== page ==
Tenders for Liverpool's National Discovery Park are now expected to go out by the end of November - at the end of a frantic year which saw the millennium project totally redesigned and rescued from the brink of collapse.
The net result is that opening of the Discovery Centre - five floors and 8,100m2 of interactive exhibition area and a 250 seat Imax cinema - with an adjacent commercial office development will not be until well into 2001.
During the year plans for a huge glazed canopy covering park have been scrapped, as has the proposed landmark bridge spanning to the Albert Dock Development alongside.
Millennium Commission funding for the 91.4M project has shrunk from the original 27M to around 23M after predicted levels of sponsorship and commercial match funding failed to materialise. However, in total around 125M will be spent on the park and accompanying developments.
The scheme is promoted by the Liverpool Millennium Consortium, led by the Anglican Church-backed organisation Rosemary Chevasse. According to project manager Mark McManus, the result will be a more accessible and popular attraction for the city.
'We have refocused the project towards more friendly horticulture rather than hard surfaces,' says McManus. 'We now have something that is a lot greener which will be a mix of entertainment, education and inspiration for visitors.'
Whether it matters that the project will be unfinished until after the city's celebrations at the end of 1999 is a moot point. The plan now is to achieve a 'soft' park opening by the end of 2000 - the date now adopted by the project as the 'true' start of the millennium. This will be followed by the opening of the Discovery Centre to visitors by Easter 2001.
The project ran into trouble last January when the Millennium Commission refused to approve plans, unhappy at the lack of distinction between the public site and the neighbouring Media Factory commercial development aimed at encouraging IT businesses in the area and part-funded by European Regional Development Funding.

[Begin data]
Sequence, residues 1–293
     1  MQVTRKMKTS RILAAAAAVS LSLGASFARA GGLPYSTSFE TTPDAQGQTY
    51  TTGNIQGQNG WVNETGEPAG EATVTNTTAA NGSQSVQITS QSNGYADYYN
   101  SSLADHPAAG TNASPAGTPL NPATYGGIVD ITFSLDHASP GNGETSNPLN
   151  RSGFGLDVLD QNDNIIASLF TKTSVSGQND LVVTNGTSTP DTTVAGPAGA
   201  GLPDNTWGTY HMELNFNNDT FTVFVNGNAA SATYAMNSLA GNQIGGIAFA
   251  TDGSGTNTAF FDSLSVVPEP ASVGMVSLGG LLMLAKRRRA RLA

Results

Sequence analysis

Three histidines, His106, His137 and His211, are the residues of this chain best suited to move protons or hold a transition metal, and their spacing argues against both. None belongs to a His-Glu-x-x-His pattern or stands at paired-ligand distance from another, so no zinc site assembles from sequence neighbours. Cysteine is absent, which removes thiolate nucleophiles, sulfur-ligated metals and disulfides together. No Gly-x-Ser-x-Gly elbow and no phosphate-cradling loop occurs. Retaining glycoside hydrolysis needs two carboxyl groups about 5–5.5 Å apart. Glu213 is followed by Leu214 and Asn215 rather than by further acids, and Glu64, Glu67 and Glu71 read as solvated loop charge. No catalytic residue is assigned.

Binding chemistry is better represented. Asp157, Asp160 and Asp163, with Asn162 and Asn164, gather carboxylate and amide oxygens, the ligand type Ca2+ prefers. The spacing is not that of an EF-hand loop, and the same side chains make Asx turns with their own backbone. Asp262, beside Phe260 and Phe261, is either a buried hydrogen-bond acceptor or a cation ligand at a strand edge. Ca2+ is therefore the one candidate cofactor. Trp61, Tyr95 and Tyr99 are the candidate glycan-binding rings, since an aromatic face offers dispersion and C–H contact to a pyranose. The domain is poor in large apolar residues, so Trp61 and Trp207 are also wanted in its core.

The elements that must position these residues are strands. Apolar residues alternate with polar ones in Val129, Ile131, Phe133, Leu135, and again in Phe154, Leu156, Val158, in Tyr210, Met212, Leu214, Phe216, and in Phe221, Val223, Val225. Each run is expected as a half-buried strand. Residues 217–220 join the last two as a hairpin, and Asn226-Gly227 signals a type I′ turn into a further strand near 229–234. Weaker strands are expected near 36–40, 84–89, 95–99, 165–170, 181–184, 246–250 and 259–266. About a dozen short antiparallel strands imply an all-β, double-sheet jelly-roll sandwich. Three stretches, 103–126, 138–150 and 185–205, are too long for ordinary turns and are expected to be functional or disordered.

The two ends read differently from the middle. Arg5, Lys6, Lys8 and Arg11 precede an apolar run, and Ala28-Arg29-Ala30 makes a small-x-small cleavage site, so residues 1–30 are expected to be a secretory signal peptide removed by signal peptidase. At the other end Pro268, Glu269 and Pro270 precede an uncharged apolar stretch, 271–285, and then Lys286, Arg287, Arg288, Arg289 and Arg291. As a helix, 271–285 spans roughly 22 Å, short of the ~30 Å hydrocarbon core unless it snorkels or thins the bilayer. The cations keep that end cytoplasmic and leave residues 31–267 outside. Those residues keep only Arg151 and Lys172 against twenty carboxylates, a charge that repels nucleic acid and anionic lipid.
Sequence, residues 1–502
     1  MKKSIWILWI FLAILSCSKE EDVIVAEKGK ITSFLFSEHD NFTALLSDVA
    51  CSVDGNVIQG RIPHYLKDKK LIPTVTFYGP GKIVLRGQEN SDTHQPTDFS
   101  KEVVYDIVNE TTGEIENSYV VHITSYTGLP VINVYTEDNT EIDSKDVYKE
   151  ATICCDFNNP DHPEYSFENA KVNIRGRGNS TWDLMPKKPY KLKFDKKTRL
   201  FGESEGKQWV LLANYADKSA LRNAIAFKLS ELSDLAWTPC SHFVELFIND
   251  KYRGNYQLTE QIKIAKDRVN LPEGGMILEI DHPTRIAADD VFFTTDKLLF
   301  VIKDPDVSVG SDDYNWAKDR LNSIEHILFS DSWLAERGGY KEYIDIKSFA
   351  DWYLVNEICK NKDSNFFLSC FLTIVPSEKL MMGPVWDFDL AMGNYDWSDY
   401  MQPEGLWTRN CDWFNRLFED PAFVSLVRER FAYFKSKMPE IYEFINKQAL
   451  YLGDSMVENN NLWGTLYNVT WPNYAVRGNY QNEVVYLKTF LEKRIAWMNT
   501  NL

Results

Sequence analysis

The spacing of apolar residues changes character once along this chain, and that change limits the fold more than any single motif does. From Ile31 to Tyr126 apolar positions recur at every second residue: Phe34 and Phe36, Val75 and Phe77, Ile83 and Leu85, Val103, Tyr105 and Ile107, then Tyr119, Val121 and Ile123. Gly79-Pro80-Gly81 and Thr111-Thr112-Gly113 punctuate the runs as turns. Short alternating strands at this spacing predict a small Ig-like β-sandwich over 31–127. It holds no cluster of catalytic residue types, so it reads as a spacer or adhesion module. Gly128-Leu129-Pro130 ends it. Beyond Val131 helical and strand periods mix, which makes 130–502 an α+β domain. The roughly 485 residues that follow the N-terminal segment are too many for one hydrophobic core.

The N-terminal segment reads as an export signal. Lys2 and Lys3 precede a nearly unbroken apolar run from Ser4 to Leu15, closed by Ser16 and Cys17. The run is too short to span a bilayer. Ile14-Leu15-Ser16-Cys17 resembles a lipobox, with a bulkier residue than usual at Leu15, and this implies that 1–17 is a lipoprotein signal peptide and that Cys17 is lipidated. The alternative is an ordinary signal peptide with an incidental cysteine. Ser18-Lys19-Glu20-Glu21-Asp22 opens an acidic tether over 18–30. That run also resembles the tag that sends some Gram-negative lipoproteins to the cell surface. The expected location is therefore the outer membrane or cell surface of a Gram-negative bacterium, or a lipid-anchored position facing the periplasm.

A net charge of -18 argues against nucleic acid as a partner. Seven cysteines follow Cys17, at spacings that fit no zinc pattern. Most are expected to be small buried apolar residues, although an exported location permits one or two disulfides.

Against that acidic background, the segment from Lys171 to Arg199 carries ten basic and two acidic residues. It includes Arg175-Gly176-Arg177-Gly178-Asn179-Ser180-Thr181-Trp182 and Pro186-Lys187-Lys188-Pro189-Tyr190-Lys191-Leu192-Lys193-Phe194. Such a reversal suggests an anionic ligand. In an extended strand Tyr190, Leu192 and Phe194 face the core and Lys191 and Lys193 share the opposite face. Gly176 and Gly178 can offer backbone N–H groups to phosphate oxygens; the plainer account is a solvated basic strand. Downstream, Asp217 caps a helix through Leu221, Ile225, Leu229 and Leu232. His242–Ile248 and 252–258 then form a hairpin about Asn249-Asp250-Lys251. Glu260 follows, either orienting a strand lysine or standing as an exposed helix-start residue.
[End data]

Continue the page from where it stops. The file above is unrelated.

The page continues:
Architect Brock Carmichael had to overhaul the scheme to make this distinction more apparent. Although there is still a close link between the exhibits in the visitor centre and the IT firms in the Media Factory, there is now a complete division between the two. The 13,500m2 Media Factory is now being promoted by a new joint venture between TCI and Rosemary Chevasse with a 6.95M EU grant.
The architect also had to increase the size of the commercial areas to maximise the revenue returns, after the consortium realised there was risk of creating an oversupply of covered performance areas in Liverpool and neighbouring Manchester. Estimates for the commercial returns from the performance area had therefore to be scaled down with the result that plans for a canopy over the park had to be scrapped.
Brock Carmichael senior partner Martyn Coppin says the reallocation of space created an imbalance in the project's design symmetry, making construction of the canopy impractical. 'Rather than trying to adapt the project we felt it was better to rethink it and go back to the history of the site. What we now have will we hope encourage a lot more people to use the park.'
It is now expected that funding for the project, which is also backed by LMC members Liverpool City Council, Morrison Developments and English Partnerships, will be in place by the end of November. Work should start in July and construction costs are likely to be in the region of 70M.